By The Nation
A PSU Faculty of Science research team has developed a device that uses simple technology to produce hypochlorous acid and hypochlorite to disinfect any surface.
The device uses only water and salt, making it a convenient and almost free way of producing a constant supply of disinfectant.
PSU has handed the research knowledge to government agencies and schools in nine southern provinces – Surat Thani, Nakhon Si Thammarat, Phatthalung, Trang, Satun, Songkhla, Pattani, Yala and Narathiwat.
The device is designed to replace regular disinfectants, including relatively expensive alcohol-based cleansers.
Dr Warakorn Limbut, a PSU chemical scientist, said the new disinfectant device uses electrodes immersed in a container of salt and water (sodium chloride solution). When an electric current is passed through the solution, the positive electrode produces hypochlorous acid with a pH level 4.0 to 6.5 – a weak acid that is highly effective in destroying bacteria and viruses. Meanwhile the negative electrode produces sodium hydroxide with a pH of 8-14 – the main ingredient of bleach.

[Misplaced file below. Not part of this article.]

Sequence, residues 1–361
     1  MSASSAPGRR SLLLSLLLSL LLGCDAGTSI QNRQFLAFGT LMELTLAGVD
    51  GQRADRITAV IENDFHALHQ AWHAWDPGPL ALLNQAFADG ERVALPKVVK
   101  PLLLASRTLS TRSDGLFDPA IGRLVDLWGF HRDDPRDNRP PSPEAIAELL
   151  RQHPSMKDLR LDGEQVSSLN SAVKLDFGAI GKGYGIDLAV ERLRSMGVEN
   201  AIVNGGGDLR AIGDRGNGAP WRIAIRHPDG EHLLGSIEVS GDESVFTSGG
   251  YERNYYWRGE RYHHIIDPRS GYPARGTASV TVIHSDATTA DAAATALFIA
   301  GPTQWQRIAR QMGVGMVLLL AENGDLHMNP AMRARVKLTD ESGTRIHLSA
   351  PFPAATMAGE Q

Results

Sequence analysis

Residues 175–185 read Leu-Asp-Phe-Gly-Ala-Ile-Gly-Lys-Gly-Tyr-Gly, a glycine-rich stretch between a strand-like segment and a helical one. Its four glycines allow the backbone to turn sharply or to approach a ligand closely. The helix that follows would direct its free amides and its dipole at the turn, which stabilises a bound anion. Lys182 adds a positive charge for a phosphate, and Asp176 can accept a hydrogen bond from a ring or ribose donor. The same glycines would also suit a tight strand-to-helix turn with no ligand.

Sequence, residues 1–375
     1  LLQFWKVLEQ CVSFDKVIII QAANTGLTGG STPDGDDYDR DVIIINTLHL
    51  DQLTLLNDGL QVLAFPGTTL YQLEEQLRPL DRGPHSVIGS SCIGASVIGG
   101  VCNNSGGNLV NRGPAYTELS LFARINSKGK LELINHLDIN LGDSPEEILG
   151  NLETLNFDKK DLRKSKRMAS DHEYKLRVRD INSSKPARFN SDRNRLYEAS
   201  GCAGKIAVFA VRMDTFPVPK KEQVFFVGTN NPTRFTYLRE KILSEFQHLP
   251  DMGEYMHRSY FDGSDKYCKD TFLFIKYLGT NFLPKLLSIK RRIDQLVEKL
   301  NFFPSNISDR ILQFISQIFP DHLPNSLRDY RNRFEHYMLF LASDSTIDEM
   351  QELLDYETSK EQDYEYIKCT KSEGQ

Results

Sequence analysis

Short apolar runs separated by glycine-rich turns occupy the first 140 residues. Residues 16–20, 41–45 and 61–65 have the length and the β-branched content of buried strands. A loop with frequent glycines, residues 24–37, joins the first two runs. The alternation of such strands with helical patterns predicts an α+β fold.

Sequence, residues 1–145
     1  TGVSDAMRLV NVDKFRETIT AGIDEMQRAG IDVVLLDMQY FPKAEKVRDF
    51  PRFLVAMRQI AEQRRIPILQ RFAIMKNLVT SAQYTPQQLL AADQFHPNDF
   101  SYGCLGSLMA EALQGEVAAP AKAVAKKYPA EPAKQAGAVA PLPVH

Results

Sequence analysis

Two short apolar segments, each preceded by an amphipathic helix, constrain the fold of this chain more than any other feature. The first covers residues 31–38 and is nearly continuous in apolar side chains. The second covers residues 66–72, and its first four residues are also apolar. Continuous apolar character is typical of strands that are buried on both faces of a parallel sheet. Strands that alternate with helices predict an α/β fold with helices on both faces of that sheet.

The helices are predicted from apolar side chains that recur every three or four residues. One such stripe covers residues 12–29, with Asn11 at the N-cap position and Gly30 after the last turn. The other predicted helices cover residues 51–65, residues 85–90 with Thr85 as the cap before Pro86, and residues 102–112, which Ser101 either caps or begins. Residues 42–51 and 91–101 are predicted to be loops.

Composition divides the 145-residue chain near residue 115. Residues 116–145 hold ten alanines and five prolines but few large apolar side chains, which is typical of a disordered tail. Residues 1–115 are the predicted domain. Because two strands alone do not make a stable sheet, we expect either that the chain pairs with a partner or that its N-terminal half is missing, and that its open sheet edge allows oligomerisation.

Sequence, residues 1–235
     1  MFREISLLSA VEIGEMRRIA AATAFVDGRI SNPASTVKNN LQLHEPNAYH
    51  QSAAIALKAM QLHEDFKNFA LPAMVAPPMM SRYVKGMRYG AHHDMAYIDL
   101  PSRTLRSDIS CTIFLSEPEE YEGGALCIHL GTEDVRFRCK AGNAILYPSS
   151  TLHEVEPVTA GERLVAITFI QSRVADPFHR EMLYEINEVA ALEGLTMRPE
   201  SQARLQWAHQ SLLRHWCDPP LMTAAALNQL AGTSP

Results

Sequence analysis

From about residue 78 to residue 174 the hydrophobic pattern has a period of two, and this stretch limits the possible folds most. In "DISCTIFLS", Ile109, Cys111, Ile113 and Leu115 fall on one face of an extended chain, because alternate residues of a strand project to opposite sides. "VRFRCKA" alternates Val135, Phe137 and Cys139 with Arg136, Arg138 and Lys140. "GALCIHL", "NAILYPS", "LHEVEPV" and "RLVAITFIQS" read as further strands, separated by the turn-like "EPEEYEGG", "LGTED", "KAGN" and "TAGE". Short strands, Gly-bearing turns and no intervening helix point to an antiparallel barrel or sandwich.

Warakorn hailed the commitment of Faculty of Science students, who worked for one year to develop the device. He said knowledge from the project will now be used for commercial applications to help society.
“In future, we will work with businesses to develop more efficient use of hypochlorous acids and hypochlorites in a larger machine.”
The research was part of PSU’s efforts to prevent the spread of disease and protect the health of Thai people, he added.